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  3. Beekeeping is a cornerstone activity that has led to the human-mediated, global spread of western honey bees ( Apis mellifera L.) outside their native range of Europe, western Asia, and Africa. The exportation/importation of honey bees (i.e., transfer of honey bees or germplasm between countries) is regulated at the national level in many countries. Honey bees were first imported into the United States in the early 1600’s. Today, honey bee movement (i.e., transport of honey bees among states and territories) is regulated within the United States at the state, territory, and federal levels. At the federal level, honey bees present in the country (in any state or territory) can be moved among states and territories without federal restriction, with the exception of movement to Hawaii. In contrast, regulations at the state and territory levels vary substantially, ranging from no additional regulations beyond those stipulated at the federal level, to strict regulations for the introduction of live colonies, packaged bees, or queens. This variability can lead to inconsistencies in the application of regulations regarding the movement of honey bees among states and territories. In November 2020, we convened a technical working group (TWG), composed of academic and USDA personnel, to review and summarize the (1) history of honey bee importation into/movement within the United States, (2) current regulations regarding honey bee movement and case studies on the application of those regulations, (3) benefits associated with moving honey bees within the United States, (4) risks associated with moving honey bees within the United States, and (5) risk mitigation strategies. This review will be helpful for developing standardized best practices for the safe movement of honey bees between the 48 contiguous states and other states/territories within the United States.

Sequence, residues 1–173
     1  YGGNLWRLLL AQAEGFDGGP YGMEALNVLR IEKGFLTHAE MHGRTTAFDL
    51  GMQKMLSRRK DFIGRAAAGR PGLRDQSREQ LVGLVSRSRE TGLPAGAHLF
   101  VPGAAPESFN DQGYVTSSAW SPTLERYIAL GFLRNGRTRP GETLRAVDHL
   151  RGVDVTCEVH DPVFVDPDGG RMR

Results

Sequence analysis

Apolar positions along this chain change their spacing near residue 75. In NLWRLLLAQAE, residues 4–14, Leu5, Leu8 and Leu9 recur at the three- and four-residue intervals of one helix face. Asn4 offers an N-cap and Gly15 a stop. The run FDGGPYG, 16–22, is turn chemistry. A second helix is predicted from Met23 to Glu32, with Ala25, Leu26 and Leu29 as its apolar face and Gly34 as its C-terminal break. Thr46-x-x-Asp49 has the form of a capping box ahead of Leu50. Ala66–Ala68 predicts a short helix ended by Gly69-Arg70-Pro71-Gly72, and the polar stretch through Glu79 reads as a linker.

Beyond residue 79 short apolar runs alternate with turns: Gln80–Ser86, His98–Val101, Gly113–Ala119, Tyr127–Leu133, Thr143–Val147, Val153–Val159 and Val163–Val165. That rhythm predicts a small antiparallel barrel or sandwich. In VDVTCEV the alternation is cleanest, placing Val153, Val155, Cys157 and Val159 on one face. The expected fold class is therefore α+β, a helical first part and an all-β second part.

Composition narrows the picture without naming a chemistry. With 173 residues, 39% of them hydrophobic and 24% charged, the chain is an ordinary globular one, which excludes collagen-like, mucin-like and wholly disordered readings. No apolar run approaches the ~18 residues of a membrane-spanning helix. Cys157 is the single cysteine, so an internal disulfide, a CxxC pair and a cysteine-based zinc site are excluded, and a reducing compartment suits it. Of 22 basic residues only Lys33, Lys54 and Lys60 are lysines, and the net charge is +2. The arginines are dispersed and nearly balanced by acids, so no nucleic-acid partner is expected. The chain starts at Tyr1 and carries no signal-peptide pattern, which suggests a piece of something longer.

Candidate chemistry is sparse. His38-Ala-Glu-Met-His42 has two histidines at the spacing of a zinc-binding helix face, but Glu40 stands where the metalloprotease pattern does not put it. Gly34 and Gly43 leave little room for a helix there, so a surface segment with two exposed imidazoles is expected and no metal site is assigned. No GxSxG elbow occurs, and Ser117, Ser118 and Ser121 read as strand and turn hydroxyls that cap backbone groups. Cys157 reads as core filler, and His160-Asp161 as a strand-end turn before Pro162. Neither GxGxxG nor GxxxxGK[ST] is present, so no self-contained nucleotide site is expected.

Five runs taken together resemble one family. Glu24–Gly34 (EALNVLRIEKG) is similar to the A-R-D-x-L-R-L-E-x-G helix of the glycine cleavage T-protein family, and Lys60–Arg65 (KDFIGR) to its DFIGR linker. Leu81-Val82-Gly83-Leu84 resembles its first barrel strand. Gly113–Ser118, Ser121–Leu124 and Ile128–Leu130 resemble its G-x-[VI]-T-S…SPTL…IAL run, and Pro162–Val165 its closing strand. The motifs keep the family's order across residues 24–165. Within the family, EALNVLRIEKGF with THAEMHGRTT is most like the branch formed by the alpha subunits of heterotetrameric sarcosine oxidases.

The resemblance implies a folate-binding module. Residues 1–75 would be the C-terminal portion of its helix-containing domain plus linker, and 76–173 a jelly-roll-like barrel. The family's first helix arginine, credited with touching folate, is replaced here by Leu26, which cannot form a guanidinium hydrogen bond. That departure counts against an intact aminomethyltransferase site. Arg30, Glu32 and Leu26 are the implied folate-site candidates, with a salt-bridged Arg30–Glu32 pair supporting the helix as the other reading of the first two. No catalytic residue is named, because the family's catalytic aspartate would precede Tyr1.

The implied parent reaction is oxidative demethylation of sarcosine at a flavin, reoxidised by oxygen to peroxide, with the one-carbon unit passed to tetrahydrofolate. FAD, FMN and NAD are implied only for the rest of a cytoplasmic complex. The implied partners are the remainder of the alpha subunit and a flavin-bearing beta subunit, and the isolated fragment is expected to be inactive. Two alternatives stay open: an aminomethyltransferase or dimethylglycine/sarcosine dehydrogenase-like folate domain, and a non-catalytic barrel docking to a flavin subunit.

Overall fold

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  4. ABSTRACT Visual learning is vital to the behavioral ecology of the Western honey bee (Apis mellifera). Honey bee workers forage for floral resources, a behavior that requires the learning and long-term memory of visual landmarks, but how these memories are mapped to the brain remains poorly understood. To address this gap in our understanding, we collected bees that successfully learned visual associations in a conditioned aversion paradigm and compared gene expression correlates of memory formation in the mushroom bodies, a higher-order sensory integration center classically thought to contribute to learning, as well as the optic lobes, the primary visual neuropil responsible for sensory transduction of visual information. We quantified expression of CREB and CaMKII, two classical genetic markers of learning, and fen-1, a gene specifically associated with punishment learning in vertebrates. As expected, we found substantial involvement of the mushroom bodies for all three markers but additionally report the involvement of the optic lobes across a similar time course. Our findings imply the molecular involvement of a sensory neuropil during visual associative learning parallel to a higher-order brain region, furthering our understanding of how a tiny brain processes environmental signals. 
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  5. Abstract